The natural gas transported by the pipeline will be used by the Aqaba Thermal Power Station to produce electricity. The station, established in 1986 and relying on heavy fuel, currently produces around 650 megawatt, nearly 40 percent of the Kingdom's total capacity of 1,500 megawatt.
An Egyptian consortium, that includes Egypt Holding Gas Company, GASCO, Petrojet and Emppi, will extend the pipeline from Aqaba until reaching the northern parts of the Kingdom where gas will be provided to power stations there.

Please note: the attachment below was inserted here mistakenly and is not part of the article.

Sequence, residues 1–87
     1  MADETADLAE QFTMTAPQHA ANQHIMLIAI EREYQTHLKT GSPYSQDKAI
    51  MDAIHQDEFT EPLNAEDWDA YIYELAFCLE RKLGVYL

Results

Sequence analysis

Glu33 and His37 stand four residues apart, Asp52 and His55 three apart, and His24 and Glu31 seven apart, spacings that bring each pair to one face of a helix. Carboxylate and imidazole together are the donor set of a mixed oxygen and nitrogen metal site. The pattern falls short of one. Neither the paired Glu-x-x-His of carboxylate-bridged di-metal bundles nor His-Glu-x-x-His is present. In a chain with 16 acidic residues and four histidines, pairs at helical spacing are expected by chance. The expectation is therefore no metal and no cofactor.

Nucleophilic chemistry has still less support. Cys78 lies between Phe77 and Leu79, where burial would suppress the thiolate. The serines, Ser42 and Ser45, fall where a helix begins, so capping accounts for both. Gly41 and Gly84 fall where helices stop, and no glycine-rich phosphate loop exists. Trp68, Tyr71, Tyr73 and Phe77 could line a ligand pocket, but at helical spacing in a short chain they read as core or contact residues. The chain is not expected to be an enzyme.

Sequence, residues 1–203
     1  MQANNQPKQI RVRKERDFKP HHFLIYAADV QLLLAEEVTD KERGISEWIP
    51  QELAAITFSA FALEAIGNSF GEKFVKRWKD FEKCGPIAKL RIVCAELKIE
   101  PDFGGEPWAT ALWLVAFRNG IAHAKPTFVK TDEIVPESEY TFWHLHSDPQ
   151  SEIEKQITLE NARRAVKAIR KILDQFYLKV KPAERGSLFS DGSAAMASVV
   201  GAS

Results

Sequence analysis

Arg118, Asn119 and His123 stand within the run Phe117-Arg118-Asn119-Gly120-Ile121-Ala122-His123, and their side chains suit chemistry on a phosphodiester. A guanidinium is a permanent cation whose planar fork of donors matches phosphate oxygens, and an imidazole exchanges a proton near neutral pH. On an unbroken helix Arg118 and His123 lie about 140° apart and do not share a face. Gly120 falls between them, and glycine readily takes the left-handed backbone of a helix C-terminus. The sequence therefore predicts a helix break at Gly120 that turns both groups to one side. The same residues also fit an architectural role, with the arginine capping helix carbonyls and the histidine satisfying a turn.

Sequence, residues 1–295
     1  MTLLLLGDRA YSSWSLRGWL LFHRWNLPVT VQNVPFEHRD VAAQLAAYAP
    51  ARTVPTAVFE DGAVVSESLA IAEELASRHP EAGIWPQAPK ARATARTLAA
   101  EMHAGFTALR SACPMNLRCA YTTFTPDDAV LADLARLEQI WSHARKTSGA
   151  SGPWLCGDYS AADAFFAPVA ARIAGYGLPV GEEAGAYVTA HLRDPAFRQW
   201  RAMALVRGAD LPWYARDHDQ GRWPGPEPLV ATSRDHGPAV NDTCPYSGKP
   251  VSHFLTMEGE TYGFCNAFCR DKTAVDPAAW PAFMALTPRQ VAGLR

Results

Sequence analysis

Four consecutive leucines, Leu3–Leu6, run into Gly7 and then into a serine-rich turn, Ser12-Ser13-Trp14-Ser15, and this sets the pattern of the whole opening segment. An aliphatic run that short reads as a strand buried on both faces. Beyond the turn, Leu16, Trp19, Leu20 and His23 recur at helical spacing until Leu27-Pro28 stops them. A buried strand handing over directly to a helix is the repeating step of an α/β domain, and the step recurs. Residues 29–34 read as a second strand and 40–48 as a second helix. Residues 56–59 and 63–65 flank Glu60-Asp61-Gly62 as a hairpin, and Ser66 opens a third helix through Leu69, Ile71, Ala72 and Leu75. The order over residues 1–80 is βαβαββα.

The pipeline is part of a regional project whereby Egypt, with proven reserves of gas estimated at more than 56 trillion cubic feet, will provide gas to Jordan, Lebanon, Syria and European states such as Turkey, Romania and Bulgaria.
The Egypt-Jordan section of the pipeline is expected to cost $230 million, while the Jordan-Syria section is estimated at $300 million.
The pipeline will be implemented on build-own-operate-transfer (BOOT) basis.
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